The Control of Asbestos Regulations Act (2006) introduced limits for asbestos exposure to try and keep the people that work with or around the material as safe as possible. This means that there’s an airborne exposure limit of 0.1 fibres per cm³ for every 4 hours of work, and for any short-term exposure, the limit should not exceed 0.6 fibres per cm³.
An approved code of practice was written to manage the hazards of asbestos, which these regulations made mandatory for contractors working with asbestos to follow. These involve the applications that need to be submitted before working with asbestos, the necessary risk assessment steps and the personal protective equipment required to keep workers safe from exposure to asbestos.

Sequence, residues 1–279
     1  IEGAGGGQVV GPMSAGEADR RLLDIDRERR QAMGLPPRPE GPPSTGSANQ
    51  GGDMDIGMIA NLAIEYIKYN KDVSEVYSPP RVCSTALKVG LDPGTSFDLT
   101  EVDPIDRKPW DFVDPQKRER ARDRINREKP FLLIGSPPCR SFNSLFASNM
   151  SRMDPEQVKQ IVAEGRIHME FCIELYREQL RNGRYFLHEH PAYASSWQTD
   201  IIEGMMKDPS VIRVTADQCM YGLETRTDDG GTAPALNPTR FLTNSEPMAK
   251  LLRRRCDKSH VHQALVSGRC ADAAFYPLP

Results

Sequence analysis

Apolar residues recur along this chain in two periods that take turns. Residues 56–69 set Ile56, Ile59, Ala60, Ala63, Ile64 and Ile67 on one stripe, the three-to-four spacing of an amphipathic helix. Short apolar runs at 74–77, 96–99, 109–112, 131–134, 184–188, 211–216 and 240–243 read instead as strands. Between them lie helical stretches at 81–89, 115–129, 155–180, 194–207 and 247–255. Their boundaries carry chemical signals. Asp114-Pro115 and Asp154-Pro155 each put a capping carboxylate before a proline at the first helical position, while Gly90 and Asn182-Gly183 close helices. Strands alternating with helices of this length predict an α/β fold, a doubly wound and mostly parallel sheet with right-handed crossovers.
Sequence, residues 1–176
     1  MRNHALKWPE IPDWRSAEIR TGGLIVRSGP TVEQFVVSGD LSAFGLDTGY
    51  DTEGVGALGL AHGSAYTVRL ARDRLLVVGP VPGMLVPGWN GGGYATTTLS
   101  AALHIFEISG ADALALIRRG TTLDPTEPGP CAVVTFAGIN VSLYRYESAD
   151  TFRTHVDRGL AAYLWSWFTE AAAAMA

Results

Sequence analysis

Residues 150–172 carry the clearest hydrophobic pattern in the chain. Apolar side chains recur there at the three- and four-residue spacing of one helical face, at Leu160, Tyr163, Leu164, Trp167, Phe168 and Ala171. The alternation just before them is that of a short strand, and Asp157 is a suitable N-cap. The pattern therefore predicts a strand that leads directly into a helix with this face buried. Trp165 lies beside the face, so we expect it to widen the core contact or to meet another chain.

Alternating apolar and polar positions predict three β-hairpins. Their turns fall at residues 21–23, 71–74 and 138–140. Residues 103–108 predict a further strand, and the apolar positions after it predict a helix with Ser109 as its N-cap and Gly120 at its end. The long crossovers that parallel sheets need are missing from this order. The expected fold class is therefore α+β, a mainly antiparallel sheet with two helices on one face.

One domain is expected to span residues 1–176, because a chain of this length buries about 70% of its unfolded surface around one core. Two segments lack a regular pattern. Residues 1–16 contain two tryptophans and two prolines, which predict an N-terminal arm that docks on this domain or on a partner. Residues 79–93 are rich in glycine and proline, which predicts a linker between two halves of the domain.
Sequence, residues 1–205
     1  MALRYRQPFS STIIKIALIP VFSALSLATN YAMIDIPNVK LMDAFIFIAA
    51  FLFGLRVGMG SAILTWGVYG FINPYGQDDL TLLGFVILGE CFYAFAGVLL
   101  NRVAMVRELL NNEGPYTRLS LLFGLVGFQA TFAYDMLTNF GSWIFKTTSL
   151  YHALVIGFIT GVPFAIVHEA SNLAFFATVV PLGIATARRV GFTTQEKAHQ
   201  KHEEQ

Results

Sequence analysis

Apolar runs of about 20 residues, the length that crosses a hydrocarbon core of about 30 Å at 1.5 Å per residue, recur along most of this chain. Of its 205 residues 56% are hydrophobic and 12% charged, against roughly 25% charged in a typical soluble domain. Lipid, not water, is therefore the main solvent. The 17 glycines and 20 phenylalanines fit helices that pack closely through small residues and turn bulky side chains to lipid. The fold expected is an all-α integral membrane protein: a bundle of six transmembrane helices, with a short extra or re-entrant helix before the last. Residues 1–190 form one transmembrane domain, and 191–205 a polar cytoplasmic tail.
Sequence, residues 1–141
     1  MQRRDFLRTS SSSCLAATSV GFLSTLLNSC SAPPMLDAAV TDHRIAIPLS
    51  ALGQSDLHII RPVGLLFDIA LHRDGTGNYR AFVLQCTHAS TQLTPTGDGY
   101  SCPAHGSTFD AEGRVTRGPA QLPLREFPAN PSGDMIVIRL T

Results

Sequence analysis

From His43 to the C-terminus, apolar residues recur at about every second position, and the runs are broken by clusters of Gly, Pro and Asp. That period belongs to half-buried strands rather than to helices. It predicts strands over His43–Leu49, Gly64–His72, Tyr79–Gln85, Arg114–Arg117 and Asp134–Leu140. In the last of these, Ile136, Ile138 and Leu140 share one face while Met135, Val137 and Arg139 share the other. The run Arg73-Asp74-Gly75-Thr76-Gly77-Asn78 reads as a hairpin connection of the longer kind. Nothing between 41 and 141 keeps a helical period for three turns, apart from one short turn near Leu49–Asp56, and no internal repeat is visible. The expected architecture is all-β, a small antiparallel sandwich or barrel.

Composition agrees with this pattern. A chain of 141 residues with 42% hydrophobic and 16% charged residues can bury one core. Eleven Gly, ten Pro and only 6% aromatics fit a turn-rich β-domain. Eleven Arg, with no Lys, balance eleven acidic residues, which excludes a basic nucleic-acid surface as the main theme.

The most recent update to asbestos legislation was in 2012 with the introduction of the new Control of Asbestos Regulations. The only thing that this legislation really changed however was that some types of non-licensed work with asbestos now have additional steps that should be taken to ensure compliance with HSE.
Asbestos as a whole material isn’t actually a hazard, which is why items containing asbestos from before 1999 can be left in place if they’re not going to be disturbed, However, when materials that contain asbestos are damaged the fibres are released into the air, and inhaling these fibres is what leads to diseases caused by asbestos.
When inhaled, asbestos can have serious health implications. The fibres cause significant damage and scarring to the lungs, which over time can result in all manner of illnesses, including cancer and heart failure. Asbestos fibres are also very small and so are difficult to see when airborne, so you can be exposed to the material and inhale it without even realising it.